The war in Yemen was already being waged with US weapons, including mostly-banned cluster bombs via Saudi Arabia, but now American special forces of an undisclosed number are going to participate in combat operations. The Saudis have been widely condemned for using those US weapons and other US military equipment on civilian areas and locations such as schools and hospitals.

The Pentagon says the special forces in Yemen will serve in advisory capacity, but for how long is unknown. Department of Defense spokesman Peter Cook admitted there is no exit strategy: “It’s going to be a limited period of time, but I don’t have a particular deadline.”

That sounds a lot like the open-ended special forces commitment in Iraq that recently led to a Navy SEAL getting killed in Northern Iraq. At some point, saying “special” in front of forces has to be recognized as not meaning much. US service members are fighting and dying in a war.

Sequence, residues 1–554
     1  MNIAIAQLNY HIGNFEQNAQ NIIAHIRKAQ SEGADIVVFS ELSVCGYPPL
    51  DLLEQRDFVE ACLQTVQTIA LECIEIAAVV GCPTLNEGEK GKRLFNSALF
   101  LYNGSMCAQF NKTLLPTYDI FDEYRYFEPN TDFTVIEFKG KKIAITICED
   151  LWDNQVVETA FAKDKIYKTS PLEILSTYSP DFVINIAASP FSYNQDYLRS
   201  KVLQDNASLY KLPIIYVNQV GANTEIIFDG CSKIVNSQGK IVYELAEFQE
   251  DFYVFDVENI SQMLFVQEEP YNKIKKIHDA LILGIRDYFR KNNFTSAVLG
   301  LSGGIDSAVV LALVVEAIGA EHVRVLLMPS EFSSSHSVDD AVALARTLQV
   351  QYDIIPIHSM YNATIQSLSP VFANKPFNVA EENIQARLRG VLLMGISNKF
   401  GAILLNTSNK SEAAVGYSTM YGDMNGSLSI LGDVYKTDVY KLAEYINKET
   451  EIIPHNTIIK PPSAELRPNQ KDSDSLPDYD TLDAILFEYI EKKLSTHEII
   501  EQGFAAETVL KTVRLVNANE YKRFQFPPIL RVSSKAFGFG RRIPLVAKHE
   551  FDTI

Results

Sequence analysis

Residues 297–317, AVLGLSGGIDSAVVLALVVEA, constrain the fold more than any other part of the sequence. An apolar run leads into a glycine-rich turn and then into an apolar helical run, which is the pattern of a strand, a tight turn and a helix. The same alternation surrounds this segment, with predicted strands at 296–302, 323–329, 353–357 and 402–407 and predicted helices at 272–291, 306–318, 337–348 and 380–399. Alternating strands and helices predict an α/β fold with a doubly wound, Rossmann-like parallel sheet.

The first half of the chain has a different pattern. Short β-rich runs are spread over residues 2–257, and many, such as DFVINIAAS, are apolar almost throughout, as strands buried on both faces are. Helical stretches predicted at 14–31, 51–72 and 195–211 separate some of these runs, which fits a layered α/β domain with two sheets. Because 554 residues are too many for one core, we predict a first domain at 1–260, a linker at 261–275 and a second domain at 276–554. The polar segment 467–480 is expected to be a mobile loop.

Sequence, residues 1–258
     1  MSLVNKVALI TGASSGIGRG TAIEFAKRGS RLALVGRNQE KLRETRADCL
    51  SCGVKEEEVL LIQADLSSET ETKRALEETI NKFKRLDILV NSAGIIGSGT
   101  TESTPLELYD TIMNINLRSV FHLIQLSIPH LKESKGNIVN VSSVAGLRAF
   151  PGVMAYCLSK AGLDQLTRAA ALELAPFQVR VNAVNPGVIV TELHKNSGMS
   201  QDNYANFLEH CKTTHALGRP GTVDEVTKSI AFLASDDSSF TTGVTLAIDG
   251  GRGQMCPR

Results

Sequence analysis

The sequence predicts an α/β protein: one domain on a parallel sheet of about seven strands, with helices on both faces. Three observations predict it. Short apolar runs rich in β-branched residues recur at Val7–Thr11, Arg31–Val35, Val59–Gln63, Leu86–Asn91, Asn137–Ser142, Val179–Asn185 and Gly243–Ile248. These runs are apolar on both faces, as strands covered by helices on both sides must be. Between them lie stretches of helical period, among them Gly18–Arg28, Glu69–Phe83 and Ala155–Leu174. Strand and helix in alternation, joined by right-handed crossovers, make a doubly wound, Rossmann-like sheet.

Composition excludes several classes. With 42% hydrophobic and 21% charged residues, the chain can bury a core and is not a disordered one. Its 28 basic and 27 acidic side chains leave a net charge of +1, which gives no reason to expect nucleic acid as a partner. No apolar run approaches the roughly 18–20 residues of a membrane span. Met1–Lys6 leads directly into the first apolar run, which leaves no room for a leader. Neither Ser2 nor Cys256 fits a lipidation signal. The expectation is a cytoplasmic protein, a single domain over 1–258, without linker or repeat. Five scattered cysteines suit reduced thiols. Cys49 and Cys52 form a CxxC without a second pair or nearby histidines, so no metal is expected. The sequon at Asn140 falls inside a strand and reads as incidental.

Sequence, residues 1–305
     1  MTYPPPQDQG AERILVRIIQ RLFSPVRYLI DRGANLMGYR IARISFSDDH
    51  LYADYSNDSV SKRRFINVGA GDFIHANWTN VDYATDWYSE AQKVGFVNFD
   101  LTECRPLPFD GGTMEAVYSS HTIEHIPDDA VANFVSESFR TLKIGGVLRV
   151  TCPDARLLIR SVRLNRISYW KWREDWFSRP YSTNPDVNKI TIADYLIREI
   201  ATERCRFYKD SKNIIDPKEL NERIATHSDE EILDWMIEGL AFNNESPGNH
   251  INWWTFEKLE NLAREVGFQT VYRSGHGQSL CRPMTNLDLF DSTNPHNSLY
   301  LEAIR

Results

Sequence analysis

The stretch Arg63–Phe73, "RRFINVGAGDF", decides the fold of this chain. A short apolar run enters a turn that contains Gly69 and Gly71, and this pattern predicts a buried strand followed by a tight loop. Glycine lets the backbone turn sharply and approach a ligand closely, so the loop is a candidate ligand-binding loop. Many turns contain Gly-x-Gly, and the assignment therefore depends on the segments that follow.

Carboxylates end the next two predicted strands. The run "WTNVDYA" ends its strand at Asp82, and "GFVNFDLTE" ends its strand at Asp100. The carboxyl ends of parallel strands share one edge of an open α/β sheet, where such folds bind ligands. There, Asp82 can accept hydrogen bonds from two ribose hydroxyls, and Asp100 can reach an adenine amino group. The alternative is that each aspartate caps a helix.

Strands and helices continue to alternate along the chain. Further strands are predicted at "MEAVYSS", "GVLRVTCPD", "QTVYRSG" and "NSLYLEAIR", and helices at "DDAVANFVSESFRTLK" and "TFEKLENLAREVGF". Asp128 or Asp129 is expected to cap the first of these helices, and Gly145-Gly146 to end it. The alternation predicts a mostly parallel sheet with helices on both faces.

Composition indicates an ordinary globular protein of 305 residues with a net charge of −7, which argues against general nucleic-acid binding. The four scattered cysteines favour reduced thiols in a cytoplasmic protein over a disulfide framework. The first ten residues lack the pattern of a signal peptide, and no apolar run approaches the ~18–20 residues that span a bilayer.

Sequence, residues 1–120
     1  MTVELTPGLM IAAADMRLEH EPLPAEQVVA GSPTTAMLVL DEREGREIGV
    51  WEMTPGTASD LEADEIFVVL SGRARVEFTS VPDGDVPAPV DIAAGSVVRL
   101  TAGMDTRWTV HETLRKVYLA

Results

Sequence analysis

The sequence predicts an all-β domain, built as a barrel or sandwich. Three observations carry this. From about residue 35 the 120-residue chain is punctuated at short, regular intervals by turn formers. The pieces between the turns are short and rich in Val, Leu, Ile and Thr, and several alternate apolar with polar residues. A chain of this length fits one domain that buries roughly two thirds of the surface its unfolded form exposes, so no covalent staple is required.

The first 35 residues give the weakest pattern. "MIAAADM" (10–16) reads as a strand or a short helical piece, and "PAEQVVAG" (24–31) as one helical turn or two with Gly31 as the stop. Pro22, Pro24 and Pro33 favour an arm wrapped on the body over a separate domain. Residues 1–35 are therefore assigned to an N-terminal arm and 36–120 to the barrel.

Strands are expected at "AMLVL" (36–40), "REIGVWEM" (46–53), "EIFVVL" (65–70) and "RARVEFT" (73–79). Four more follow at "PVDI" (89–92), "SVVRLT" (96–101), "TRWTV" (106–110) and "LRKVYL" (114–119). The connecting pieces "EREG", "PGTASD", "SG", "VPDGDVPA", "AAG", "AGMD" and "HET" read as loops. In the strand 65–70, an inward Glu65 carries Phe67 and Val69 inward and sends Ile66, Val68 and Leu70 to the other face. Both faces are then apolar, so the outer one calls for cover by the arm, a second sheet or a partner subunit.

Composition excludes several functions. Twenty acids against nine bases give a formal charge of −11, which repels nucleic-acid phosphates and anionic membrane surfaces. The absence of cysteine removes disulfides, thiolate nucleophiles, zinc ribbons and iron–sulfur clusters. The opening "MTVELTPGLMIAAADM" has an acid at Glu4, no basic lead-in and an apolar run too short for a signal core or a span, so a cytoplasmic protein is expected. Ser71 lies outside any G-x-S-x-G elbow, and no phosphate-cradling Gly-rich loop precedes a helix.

It would be fair to call US involvement in Yemen counter-productive, if not an outright disaster for the War on Terror. The US’ use of practically unrestricted drone warfare has led to numerous civilian casualties or “collateral damage,” when targets are misidentified or a bombing kills or wounds more than just those targeted.

The resentment and hatred created by the drone strikes has empowered the local Al Qaeda affiliate, Al Qaeda in the Arabian Peninsula (AQAP), which has grown in strength through the violence.

If the mission in Yemen was to form a lasting alliance against terror, the US has failed completely. Whatever goodwill the US had with the people of Yemen, that wasn’t blown away in a drone strike, has been cluster-bombed by Saudi Arabia.

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